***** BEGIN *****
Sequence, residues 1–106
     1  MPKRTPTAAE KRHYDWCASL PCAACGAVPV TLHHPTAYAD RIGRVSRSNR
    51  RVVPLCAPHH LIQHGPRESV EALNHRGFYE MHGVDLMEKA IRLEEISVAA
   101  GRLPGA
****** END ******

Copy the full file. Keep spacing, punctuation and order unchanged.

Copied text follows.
Sequence, residues 1–106
     1  MPKRTPTAAE KRHYDWCASL PCAACGAVPV TLHHPTAYAD RIGRVSRSNR
    51  RVVPLCAPHH LIQHGPRESV EALNHRGFYE MHGVDLMEKA IRLEEISVAA
   101  GRLPGA